The Fine Line between Clarifying and Discussing Can Be Harder to Draw than It Looks
August 18, 2015
By: Eric Whytsell
You might think that there’s a fairly bright line between “clarifications” and “discussions” because the terms are both defined in FAR 15.306. But you would be wrong. The recent decision in International Waste Industries, B-411338 (July 7, 2015) highlights how difficult it can be to apply the distinction outside the pages of the FAR – and the potentially huge impact of missteps in this area.
The case involved an Air Force procurement under FAR Part 12 (Acquisition of Commercial Items) and Part 13 (Simplified Acquisition Procedures) of a solid waste incinerator. The RFQ contemplated award of a firm fixed-price (FFP) contract to be made on a lowest-cost technically acceptable basis. The agency received 11 timely quotations, including those of International Waste Industries (IWI) and the awardee, Mahto Construction, Inc. (Mahto). In protesting the contract award to Mahto, IWI argued that the Air Force (i) unreasonably found its quote technically unacceptable; and (ii) engaged in unequal discussions.
The Government Accountability Office (GAO) never considered IWI’s first protest ground because it agreed that the agency had conducted unequal discussions and sustained the protest on that ground. What led to that conclusion was a combination of mistakes by the awardee and the Air Force.
Despite the RFQ’s making clear that FFP quotes were required, Mahto initially proposed to bill costs of mobilization to and from the jobsite separately “at $ per diem.” Similarly, Mahto’s original quote proposed a schedule of payments based on milestones, ignoring the relevant FAR clause contained in the RFQ, which states “Payment shall be made for items accepted by the Government that have been delivered to the delivery destinations set forth in this contract.” Recognizing the disconnect between the RFQ and these aspects of Mahto’s quote, the Air Force e-mailed two “clarification” questions to Mahto.
The first question pointed out that a FFP quote was required and asked whether Mahto’s quoted price covered “all travel, per diem, lodging costs, and all other associated costs.” The second question explained that contracts awarded under FAR Parts 12 and 13 are usually paid using Net 30 terms and asked whether Mahto accepted those terms despite its proposed “Schedule of Payments.” Not surprisingly, Mahto got the message and confirmed that its quote included all costs and that Net 30 payment terms “are completely agreeable.”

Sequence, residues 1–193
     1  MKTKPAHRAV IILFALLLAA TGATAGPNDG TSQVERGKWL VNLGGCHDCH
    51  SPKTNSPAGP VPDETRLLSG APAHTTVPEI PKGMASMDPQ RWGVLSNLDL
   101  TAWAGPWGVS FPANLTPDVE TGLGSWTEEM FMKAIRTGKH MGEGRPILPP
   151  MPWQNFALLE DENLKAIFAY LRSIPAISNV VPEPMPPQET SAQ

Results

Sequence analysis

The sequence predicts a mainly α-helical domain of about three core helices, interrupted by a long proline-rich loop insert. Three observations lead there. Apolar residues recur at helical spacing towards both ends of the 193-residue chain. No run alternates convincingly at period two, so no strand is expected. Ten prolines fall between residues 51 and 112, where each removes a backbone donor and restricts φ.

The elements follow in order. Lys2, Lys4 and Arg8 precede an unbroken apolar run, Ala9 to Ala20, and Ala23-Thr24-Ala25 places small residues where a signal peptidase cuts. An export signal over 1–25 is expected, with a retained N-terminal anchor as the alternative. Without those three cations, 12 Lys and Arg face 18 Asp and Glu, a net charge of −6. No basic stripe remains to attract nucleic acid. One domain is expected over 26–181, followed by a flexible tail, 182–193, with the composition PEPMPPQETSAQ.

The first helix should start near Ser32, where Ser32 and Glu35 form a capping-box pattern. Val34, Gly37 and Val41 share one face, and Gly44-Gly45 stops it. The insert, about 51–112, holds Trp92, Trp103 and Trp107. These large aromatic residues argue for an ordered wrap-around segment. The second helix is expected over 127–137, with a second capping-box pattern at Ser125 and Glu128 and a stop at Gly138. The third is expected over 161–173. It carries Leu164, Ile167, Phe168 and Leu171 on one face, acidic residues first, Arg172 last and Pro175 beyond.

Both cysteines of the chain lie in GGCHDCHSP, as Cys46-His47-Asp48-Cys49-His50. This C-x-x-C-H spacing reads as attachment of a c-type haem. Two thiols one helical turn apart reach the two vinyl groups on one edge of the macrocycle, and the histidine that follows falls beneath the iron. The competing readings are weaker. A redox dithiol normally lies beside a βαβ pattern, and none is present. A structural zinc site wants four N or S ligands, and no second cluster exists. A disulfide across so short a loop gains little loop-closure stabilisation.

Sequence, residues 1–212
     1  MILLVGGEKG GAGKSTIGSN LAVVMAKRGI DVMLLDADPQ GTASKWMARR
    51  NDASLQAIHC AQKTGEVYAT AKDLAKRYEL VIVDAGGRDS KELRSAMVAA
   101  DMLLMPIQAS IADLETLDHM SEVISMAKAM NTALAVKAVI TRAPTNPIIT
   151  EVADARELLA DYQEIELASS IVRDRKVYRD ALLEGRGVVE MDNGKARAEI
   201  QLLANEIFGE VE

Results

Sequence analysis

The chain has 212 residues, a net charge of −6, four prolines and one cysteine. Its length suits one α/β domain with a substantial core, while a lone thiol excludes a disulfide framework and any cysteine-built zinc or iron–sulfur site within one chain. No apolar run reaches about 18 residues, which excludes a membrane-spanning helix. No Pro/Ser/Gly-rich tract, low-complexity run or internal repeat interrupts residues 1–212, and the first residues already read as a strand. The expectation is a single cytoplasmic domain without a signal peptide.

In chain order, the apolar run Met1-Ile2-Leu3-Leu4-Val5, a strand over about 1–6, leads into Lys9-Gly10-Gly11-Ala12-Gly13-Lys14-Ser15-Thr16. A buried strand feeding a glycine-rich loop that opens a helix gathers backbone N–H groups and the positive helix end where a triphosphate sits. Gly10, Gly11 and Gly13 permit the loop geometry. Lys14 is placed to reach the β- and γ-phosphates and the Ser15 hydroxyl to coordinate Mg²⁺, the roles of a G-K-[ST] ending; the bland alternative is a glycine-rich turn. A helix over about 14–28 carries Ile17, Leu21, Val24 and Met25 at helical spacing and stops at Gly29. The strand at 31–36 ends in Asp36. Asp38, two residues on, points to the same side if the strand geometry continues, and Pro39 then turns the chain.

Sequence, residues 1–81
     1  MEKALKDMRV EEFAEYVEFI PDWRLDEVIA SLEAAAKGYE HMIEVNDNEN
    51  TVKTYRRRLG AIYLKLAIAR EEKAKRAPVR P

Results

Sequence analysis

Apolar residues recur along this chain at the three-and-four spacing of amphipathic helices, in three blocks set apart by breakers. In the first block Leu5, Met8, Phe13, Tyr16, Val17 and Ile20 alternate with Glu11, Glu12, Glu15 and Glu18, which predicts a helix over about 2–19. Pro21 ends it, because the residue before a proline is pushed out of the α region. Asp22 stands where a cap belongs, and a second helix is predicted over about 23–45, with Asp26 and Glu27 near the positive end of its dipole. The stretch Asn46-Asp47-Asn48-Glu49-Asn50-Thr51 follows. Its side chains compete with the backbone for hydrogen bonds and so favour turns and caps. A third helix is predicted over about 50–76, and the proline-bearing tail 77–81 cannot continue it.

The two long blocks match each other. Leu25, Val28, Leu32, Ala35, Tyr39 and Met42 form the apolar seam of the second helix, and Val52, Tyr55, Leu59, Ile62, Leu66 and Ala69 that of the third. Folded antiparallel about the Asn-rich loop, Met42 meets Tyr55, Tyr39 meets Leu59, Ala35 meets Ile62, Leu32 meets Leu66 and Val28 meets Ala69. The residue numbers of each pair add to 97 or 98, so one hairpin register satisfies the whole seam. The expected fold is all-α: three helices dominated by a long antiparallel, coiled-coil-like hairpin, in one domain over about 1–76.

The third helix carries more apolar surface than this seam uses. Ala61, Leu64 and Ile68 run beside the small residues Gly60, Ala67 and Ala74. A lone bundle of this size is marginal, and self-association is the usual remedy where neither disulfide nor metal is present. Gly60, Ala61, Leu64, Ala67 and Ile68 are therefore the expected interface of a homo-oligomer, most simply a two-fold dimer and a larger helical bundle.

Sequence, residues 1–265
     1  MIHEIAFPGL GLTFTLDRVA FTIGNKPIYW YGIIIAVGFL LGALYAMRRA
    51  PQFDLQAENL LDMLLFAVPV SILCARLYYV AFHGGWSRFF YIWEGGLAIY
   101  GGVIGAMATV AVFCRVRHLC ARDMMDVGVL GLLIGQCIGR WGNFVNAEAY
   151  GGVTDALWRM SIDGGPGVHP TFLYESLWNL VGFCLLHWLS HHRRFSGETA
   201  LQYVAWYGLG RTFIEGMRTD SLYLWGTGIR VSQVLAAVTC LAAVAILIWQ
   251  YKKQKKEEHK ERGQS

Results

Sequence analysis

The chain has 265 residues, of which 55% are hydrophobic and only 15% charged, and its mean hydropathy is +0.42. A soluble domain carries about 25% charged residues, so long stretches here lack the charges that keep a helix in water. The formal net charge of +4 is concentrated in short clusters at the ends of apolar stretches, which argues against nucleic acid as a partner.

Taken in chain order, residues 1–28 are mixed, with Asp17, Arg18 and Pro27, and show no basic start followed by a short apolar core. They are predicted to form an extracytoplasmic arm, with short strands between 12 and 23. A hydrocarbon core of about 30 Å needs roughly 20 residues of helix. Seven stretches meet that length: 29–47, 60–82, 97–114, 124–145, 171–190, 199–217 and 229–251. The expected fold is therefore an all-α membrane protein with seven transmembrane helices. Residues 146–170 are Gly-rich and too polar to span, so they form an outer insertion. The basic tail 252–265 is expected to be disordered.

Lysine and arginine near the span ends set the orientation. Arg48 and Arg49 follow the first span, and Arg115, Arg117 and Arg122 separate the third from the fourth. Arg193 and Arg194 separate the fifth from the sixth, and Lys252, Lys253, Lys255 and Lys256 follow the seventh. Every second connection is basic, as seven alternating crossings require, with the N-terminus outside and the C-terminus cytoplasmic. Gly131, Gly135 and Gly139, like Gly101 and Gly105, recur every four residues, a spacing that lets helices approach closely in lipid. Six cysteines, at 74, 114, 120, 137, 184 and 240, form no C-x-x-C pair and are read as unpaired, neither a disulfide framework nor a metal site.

Based on this exchange, the Air Force determined that Mahto’s quotation was technically acceptable. Because IWI had failed to specifically state that its proposed incinerator met one of the technical requirements, the agency found its quote unacceptable -- like those received from the other ten offerors. As a result, the contract was awarded to Mahto, the highest-priced vendor.
IWI argued that this exchange constituted discussions with Mahto and pointed out that, had the agency held similar discussions with IWI, it could have clarified the issues that led the agency to declare its proposal technically unacceptable. In response, the Air Force characterized the exchange as mere clarifications.
GAO disagreed, noting that clarifications are “limited exchanges” “for the purpose of eliminating minor uncertainties or irregularities in a proposal.” They do not afford an offeror the opportunity to revise or modify its proposal and cannot “be used to cure proposal deficiencies or material omissions, or materially alter the technical or cost elements of the proposal, or otherwise revise the proposal.” Indeed, that is what discussions are for. According to GAO, discussions are communications with offerors “for the purpose of obtaining information essential to determine the acceptability of a proposal” or providing the offeror “an opportunity to revise or modify its proposal in some material respect.”
Here, GAO found the communications to be discussions because, as described above, Mahto was allowed to revise portions of its quote that did not comply with the RFQ’s terms. Despite the Air Force’s characterization of the exchange as seeking clarifications, the agency’s communication “invited a response from Mahto that was necessary to determine the acceptability of Mahto’s quotation and, in fact, resulted in Mahto being permitted to supplement or alter its quotation.” As GAO notes, “This is quintessentially the nature of discussions, not clarifications.” And an agency conducting discussions with one offeror must generally give all offerors remaining in the competition an opportunity to also engage in meaningful discussions. Here, the agency failed to do so and IWI’s protest was sustained.
Unfortunately, this was a pyrrhic victory for IWI: it was right about the law but overcome by events. Because it had originally filed an agency-level protest and did not get a stay, the contract was almost completely performed before GAO issued its decision.
Agencies and offerors alike should be on the lookout for communications that veer from merely eliciting clarification of a minor uncertainty or irregularity into invitations to cure deficiencies or omissions or otherwise make changes to a proposal. If the latter kinds of communications are made to one offeror in the competitive range, they have to be made to all.
Eric Whytsell is responsible for the contents of this article.
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